Crypto Marketers Slam GA4 While EU Watchdog Flags Risks
The Swedish Authority for Privacy Protection (IMY) has challenged Google’s widely used Analytics platform at a time when crypto marketers are already roasting the tool for its usability issues.
With the watchdog also warning of potential surveillance risks, the implications for businesses navigating the crypto market are significant.
Crypto Marketers Despise Google Analytics 4
“Today, we begin shutting down Universal Analytics as we welcome you to Google Analytics 4,” said Google Analytics on Saturday, July 1. “This will not happen overnight… However, all properties have now been added to the queue,” added the web analytics provider.
Crypto marketers responded to the mandatory switchover from Universal Analytics (UA) to Google Analytics 4 (GA4) with an outcry. Many express discontent over the new platform’s perceived drop in usability and robustness.
On the other hand, some have held mock funerals for Universal Analytics, hoping Google might reconsider.
Marketing forums have been ablaze with criticisms and woes. These range from cryptic one-liners such as “no one is gonna use it” and “thanks for nothing folks” to more nuanced critiques.
The overarching sentiment rings clear. A platform that crypto marketers have trusted for over a decade now leaves them feeling betrayed.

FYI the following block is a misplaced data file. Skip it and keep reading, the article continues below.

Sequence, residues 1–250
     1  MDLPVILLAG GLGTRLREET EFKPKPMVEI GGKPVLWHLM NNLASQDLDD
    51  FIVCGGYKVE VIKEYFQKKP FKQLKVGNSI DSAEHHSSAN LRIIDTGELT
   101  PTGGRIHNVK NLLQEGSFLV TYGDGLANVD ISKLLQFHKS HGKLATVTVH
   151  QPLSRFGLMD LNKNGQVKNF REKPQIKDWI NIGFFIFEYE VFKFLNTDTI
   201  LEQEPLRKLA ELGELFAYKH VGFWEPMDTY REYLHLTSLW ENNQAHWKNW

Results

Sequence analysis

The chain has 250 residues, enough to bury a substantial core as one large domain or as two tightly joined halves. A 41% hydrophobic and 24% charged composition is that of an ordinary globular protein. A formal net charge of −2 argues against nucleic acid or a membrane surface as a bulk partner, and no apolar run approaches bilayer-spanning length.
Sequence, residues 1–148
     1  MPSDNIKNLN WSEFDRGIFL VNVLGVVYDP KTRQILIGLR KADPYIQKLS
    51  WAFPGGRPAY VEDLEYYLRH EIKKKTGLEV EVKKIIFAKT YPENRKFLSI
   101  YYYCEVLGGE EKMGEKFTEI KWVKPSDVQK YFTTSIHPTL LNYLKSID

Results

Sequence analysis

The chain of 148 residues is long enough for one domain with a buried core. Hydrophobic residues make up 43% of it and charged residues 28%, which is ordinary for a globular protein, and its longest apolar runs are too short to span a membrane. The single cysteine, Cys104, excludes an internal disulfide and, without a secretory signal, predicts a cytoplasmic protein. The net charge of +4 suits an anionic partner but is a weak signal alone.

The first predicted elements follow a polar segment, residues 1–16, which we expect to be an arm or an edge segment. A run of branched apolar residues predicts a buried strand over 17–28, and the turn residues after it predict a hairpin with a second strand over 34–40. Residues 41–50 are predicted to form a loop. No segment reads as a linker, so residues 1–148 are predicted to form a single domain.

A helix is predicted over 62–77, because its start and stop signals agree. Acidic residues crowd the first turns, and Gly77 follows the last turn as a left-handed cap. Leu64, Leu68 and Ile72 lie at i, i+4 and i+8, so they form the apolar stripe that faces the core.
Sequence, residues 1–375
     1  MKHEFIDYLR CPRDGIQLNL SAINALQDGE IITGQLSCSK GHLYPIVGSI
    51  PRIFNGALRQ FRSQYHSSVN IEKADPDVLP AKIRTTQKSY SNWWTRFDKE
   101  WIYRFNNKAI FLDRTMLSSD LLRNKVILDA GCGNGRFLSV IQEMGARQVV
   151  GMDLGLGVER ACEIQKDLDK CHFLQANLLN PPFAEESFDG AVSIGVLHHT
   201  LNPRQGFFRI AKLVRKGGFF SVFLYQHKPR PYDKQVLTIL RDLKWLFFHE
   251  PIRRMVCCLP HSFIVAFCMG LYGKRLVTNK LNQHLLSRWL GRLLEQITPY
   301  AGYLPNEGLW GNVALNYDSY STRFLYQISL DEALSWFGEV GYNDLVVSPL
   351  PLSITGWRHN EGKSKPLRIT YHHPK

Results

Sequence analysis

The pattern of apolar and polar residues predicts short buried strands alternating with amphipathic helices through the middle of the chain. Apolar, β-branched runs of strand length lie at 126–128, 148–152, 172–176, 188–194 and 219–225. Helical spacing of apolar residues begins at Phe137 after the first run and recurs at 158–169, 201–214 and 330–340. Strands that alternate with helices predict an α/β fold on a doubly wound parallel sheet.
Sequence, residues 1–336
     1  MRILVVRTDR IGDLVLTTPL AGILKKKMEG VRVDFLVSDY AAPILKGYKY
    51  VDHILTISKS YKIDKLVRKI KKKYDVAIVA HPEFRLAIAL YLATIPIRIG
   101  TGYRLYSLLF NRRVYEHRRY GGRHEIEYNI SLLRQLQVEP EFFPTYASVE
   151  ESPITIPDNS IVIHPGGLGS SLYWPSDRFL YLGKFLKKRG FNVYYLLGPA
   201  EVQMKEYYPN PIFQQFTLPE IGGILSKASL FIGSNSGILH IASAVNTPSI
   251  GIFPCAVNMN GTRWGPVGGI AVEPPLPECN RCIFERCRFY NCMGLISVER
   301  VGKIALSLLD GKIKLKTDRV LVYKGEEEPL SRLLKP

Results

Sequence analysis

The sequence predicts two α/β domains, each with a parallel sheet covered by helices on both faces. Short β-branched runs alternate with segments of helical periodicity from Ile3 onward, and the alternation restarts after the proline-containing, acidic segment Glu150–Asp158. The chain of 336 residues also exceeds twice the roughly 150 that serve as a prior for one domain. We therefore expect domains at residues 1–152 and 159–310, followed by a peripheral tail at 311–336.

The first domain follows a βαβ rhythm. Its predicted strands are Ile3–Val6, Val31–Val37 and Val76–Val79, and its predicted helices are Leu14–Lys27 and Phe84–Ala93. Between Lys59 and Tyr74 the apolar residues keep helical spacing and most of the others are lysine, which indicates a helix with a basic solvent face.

It is not just griping either. One crypto marketer’s reaction underscores the heart of the issue:
“It is a massive PITA! Particularly if you are accustomed to UA and it is visualizations. You pretty much have to pull everything out of GA4 and create reports and dashboards manually.”
Risk of United States Government Surveillance
This transition period has been exacerbated by the recent declaration from the Swedish Authority for Privacy Protection. The IMY issued a stark warning to businesses in Sweden over the use of Google Analytics.
Echoing the concerns of counterparts in Austria, France, and Italy, the Swedish watchdog flagged the risk of US government surveillance as the main reason behind its advisement.
“IMY considers that the data transferred to the US via Google’s statistics tool is personal data because the data can be linked with other unique data that is transferred. The authority also concludes that the technical security measures that the companies have taken are not sufficient to ensure a level of protection,” reads the report.
For businesses operating in the EU, compliance with the General Data Protection Regulation (GDPR) is non-negotiable. Yet, IMY’s audits revealed that the data transferred to the US via Google Analytics constituted personal data, breaching the GDPR.
This has far-reaching implications, particularly for businesses in the crypto sector. Crypto marketers heavily rely on data analytics tools like Google Analytics to glean insights about their users and the effectiveness of their campaigns.
If authorities declare the tool non-compliant with the GDPR, these businesses may face a tough predicament of balancing data-driven decision-making with regulatory compliance.
In adherence to the Trust Project guidelines, BeInCrypto is committed to unbiased, transparent reporting. This news article aims to provide accurate, timely information. However, readers are advised to verify facts independently and consult with a professional before making any decisions based on this content.